Local Primary Schools Phased Return (June 2020)

I would agree that the government needs to lift lockdown for a Now non existent threat. But teachers need to find their sense of focus and purpose. I’d be back in the classroom like a flash if I was a teacher. What an opportunity to prevail in your profession, yet instead there’s a cowering where there should be a lead by example. Lead from the front. Don’t believe the MSM. There’s no threat if you’re young and healthy.

Would you take a vaccine for an illness that you’re Highly likely to to recover from?

Since when were ‘facts’ hurtful arguments? Wow. This is the brave new world.

Yes, every time. While I might be highly likely to survive some illness - those with weakened immune systems, or those that are just plain unlucky might not.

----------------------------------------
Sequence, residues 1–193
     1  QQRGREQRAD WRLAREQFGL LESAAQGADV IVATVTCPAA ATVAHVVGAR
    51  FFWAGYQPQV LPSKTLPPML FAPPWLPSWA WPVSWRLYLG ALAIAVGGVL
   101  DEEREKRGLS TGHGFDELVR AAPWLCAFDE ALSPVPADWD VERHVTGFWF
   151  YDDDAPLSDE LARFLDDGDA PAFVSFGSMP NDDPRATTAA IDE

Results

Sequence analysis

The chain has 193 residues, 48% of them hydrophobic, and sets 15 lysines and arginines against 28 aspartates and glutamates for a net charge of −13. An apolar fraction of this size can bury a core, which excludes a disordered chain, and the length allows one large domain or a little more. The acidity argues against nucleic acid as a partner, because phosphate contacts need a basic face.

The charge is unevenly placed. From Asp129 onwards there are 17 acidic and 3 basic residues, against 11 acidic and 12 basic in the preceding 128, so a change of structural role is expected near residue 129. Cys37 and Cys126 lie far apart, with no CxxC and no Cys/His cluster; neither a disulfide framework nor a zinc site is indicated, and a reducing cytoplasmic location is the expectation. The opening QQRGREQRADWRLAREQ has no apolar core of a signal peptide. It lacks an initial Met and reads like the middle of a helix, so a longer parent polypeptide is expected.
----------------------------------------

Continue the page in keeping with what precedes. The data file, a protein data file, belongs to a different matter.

My boss is a fit youngish yoga teacher and cyclist with no underlying conditions and has been very sick with the virus since before lockdown. A friend’s child has been in hospital with the severe Kawasaki immune reaction to the virus. And the R rating has decreased only because of weeks of lockdown. As a non scientist, your estimation that this lurgy is mild and fizzling out is very bold. I expect that my kids, who are both at Kilmorie, probably had it pre-lockdown but I still object to you belittling teachers, who have been teaching throughout, under a pseudonym on your initial post above. You also misrepresent the school’s position, which is in fact as Dave sets out above. I’ve also seen at least two single mums on other threads object to your slur on them. Perhaps it is you who should ‘hang your head in shame’.